For the last week, we’ve been researching various aspects of electricity generation and distribution, and assessing different ways in which Myanmar could substantially increase its electricity supply … in less than a year. The ruling USDA is aiming to eliminate power blackouts in Yangon by April 2014, supposedly in order to improve the foreign investment climate in Yangon. The urgency of the situation is, undoubtedly, heavily influenced by the need for the USDA to be able to show tangible improvement in the quality of life of Myanmar citizens ahead of the coming elections in 2015 in order for them to stand a chance of re-election … and what better way to do that than improve energy access?
Those controlling the diesel market in Yangon have placed their bets on off-grid diesel generators being the answer to Yangon’s energy crisis, and have allegedly already begun hoarding diesel in anticipation of a run on diesel in the near future. Our task was to try to come up with feasible alternatives to diesel generators which, with such a short timeline, was difficult to say the least. We were also asked to draft conceptual roadmaps on a variety of infrastructure project and electricity generation related issues. I worked primarily on compiling a guideline for government officials tasked with appraising infrastructure project proposals, as well as different project financing options (which, needless to say, there weren’t many considering the fact that April 2014 is only 8 months away!)
Energy access is one of the most important, and most political, issues in Myanmar today. Approximately 75% of Myanmar citizens have no access to electricity, despite Myanmar having substantial reserves of oil and natural gas, as well as notable hydropower and solar potential. Without improved energy access, much-needed social and economic reform in Myanmar will not be possible. Unfortunately, the vast majority of the country’s oil and natural gas were signed away to Thailand and China by the previous military regime, who were unable to access crucial foreign exchange in any other way due to the significant international sanctions against the country. The current regime is now under growing public pressure to renegotiate the existing oil and natural gas contracts in order to better provide for Myanmar’s growing energy needs. The Myanmar government has also halted several large-scale hydro projects in the last two years in the wake of public outrage at the fact that almost all (and, in some cases, all) of the power they were to generate was to be exported to China, Thailand or India. Drastic changes to Myanmar’s energy policies are urgently needed, and such policies will need to prioritise the energy needs of Myanmar citizens if social unrest is to be avoided.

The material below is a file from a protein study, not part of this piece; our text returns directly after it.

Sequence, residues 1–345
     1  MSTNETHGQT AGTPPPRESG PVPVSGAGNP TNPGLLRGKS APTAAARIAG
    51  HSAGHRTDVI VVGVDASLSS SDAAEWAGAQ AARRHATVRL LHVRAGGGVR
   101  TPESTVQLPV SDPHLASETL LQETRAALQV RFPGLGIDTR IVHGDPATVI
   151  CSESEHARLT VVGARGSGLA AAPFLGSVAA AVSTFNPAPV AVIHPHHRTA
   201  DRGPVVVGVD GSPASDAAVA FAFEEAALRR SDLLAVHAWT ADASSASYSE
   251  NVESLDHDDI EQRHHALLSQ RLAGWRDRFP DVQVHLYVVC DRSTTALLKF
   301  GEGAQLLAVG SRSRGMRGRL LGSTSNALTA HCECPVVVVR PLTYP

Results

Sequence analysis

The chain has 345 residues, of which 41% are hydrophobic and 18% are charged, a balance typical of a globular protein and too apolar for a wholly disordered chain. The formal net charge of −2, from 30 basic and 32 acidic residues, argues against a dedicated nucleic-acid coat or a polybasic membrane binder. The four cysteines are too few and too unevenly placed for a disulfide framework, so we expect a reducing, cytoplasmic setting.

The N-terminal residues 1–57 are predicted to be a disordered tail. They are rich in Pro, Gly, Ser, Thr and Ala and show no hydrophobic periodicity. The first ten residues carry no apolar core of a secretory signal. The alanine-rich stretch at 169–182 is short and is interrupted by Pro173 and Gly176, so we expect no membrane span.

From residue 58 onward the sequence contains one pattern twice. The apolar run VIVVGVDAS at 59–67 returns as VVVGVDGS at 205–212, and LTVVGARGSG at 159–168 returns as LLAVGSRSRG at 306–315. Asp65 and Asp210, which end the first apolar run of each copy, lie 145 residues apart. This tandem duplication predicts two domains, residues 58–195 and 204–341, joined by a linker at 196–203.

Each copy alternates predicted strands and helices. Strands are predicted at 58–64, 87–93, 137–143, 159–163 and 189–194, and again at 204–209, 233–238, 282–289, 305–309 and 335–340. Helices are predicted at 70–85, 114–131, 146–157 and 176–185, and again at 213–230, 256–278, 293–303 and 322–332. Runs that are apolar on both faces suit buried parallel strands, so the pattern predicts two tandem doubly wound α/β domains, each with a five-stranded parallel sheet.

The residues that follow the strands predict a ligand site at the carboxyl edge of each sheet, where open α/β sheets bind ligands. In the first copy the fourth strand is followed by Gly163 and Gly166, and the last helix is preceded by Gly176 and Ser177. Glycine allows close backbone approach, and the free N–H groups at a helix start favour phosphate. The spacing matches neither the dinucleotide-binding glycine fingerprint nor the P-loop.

This weekend marked the 66th anniversary of the assassination of Bogyoke (General) Aung San and six of his cabinet ministers. Bogyoke Aung San is considered to be the founder of modern-day Burma, and was the father of Nobel laureate Daw Aung San Suu Kyi. Every day on the way to work, we pass by his house, the same house where Aung San Suu Kyi grew up and where she later spent many years under house arrest. The gate is decorated with a portrait of Bogyoke Aung San and the flag of Aung San Suu Kyi’s political party, the National League for Democracy (NLD), which is emblazoned with the peacock, the symbol of the Royal Court of Ava, the once capital of pre-colonial Upper Burma.
We took the circle train around Yangon with some work colleagues yesterday, and saw parts of Yangon that we would never have otherwise had the opportunity to see.
… and we received so many smiles from strangers and waves from playing children!
Some kids showed off their juggling skills for me, tossing small fruit into the air:
It was certainly the first train that I’ve been on that does not quite come to a stop at each station – rather it slows right now, and then rocks backwards and forwards gently until it’s time to slowly move on!